Continues to call for `equitable' reforms in IMF
P. S. Suryanarayana
India wouldcontinue to press for IMF reforms so that the institution could "reflect the economic strength of countries in the 21st century." Towards this end of making the IMF think out of the Bretton Woods box, India would be "looking forward" to bring about "a new and more equitable formula" based on "relevant criteria."
Singapore, Sept. 19
The Finance Minister, Mr P. Chidambaram, on Tuesday re-asserted India's claims for a greater say in the decision-making process of the International Monetary Fund (IMF) and, in the same breath, affirmed New Delhi's intention to remain "proactive" in the campaign for "equitable" reforms of the institution.
In an interview to
Business Line, Mr Chidambaram said: "Based on market exchange rate, India stands at either 10 or 11 (among all IMF members). Based on PPP (purchasing power parity), India's rank is four. How can this be ignored? Why should it be ignored? As long as we continue to grow at eight per cent, be a major economy of the world, have high (foreign exchange) reserves, ability to contribute to the IMF, why should we be ignored?"
That point, he said, had been driven home during India's latest effort here, in association with Brazil and Argentina as also Egypt, to try and force the IMF to abandon a "flawed" reform plan regarding its power structure. These countries failed, as the IMF voted on Monday, by a landslide margin, to begin implementing the first stage of a two-year-long reform process. He said India lost the campaign but won the argument.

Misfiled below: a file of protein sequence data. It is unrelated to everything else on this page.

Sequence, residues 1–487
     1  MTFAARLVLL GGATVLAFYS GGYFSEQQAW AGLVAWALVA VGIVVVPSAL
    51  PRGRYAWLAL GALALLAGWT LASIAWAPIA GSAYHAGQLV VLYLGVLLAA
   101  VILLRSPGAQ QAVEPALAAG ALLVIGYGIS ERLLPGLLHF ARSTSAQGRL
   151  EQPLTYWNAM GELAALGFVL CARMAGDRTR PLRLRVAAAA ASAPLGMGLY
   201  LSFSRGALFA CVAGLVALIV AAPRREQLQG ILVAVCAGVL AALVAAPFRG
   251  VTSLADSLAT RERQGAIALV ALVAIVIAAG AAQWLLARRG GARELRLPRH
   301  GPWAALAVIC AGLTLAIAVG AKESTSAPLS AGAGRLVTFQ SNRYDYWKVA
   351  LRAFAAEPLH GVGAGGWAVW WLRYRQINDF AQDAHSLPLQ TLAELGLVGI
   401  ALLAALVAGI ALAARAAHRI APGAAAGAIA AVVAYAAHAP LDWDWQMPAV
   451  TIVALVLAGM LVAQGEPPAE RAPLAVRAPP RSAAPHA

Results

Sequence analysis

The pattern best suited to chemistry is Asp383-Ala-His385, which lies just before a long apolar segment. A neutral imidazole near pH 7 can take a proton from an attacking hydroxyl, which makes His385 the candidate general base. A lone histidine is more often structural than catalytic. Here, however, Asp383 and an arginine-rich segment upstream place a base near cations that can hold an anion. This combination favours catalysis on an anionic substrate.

India would, therefore, continue to press for IMF reforms so that the institution could "reflect the economic strength of countries in the 21st century." Towards this end of making the IMF think out of the Bretton Woods box, India would be "looking forward" to bring about "a new and more equitable formula" based on "relevant criteria."
He cited these national-level indices as the gross domestic product on the purchasing power parity basis, foreign exchange reserves and the growth rate.
He noted that the Group of Seven industrialised nations, especially the US and Germany, had assured India that they would exert their influence and authority on the IMF stage so that a new reform formula could be evolved.
As for raising India's own profile to gain a greater voice in the IMF's inner circles, he said: "It is because we are growing at 8.3 (per cent) that we are walking here with our head held high."
In any case, an eight per cent growth rate was not an option but an imperative for India's economic progress.
Asked about the recent difficulties in India's engagement with the World Bank, Mr Chidambaram said: "There were two loan programmes (of the Bank), which were put under temporary suspension. In both cases, we stood firm. ... and the World Bank lifted the suspension. ... We are (now) willing to put in place any corrective measure to ensure that loans received from the World Bank are spent strictly in accordance with the conditionalities of that loan and without the taint of corruption or any misfeasance."
He traced how India played an important role, during the World Bank's ongoing meetings here, to "mitigate the risk" in its new strategy.
The Bank agreed that "the strategy must be further developed and that the implementation of the strategy must be "with the full involvement of an oversight by the Executive Board.' "Related Stories:
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